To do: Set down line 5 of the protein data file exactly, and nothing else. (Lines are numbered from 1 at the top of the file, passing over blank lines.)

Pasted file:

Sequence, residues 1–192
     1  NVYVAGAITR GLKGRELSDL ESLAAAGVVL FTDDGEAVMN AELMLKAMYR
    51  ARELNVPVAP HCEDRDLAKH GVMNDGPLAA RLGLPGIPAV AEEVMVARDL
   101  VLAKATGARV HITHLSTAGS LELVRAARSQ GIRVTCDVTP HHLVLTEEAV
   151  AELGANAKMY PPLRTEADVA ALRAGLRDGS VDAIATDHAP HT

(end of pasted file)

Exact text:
   151  AELGANAKMY PPLRTEADVA ALRAGLRDGS VDAIATDHAP HT